You may think that converting your blog’s images to WebP sounds like an enormous undertaking. You probably think you’d have to manually convert thousands of images. Then on top of that, you’d need to write code like below to provide a jpg fallback for Safari’s nearly 20% market share.
<figure src="https://domain/image.webp"> <picture> <source srcset="https://domain/image.webp" type="image/webp"> <img src="https://domain/image.jpg"> </picture> </figure>
The good news is life isn’t that hard if you’re using WordPress. The ShortPixel plugin can automatically create a WebP copy of all your images. AND it automatically adds the fallback code for Safari users as well.
I’ve personally done this, and it works great! The only downside is that Shortpixel is only free for 100 image conversions per month. After that, you have to pay $10 for every 10,000 images you convert ($0.001 per image)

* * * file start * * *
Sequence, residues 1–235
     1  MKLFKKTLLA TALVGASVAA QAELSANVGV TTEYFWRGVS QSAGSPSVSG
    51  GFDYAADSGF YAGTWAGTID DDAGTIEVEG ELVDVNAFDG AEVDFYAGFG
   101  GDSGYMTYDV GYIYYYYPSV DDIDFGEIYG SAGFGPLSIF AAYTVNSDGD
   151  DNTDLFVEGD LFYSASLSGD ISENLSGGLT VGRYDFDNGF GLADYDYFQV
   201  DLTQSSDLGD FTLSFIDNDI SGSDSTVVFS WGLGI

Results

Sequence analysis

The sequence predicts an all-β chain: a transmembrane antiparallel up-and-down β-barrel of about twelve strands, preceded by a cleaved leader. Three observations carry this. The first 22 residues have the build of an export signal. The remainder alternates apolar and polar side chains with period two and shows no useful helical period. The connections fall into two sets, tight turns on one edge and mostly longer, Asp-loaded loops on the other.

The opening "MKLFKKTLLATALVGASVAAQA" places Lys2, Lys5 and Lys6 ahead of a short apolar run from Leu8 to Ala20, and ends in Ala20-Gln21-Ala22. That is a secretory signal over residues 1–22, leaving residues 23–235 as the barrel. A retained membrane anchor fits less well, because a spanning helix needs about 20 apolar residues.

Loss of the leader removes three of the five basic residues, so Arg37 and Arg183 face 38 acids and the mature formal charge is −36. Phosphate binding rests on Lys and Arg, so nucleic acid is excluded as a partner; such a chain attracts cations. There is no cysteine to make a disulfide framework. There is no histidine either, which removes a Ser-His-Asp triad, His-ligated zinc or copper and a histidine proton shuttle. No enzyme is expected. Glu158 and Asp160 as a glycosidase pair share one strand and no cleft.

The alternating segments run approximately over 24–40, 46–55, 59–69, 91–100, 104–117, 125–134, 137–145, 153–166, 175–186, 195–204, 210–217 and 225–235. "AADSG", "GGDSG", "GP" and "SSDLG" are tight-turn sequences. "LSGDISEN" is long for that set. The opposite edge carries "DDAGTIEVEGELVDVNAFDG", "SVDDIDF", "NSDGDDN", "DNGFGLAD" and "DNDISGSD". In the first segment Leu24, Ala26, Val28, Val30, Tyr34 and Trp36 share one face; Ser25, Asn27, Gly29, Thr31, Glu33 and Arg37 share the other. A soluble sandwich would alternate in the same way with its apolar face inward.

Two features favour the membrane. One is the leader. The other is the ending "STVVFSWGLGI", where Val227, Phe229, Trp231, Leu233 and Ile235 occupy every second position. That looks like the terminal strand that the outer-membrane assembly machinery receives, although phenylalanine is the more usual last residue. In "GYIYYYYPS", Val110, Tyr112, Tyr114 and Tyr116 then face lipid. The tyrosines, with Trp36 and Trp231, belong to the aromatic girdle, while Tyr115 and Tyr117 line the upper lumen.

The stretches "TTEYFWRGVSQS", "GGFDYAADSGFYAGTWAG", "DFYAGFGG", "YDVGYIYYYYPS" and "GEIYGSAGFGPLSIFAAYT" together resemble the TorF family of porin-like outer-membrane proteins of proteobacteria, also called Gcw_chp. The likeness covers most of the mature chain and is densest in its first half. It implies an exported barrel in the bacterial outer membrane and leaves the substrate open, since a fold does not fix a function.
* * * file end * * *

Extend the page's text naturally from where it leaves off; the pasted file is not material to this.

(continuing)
For me, that wasn’t terribly expensive for a hassle-free way to please Google by increasing our website’s speed. But to each their own.
How To Setup WebP Images With ShortPixel
1) Install The Shortpixel Plugin
2) Go to Settings -> ShortPixel -> Advanced
Make sure you click
- “Also create WebP versions of the images, for free.”
- “Deliver the WebP versions of the images in the front-end.”
- “Using the <PICTURE> tag syntax”
3) Consider Whether You Want To Convert Thumbnail Images
This one will be dependent on your theme. Each thumbnail you convert counts against your credits. You should only select the sizes that your theme uses here. On my awesome theme, I don’t use thumbnails so I exclude everything. My 10,000 credits will last a very long time!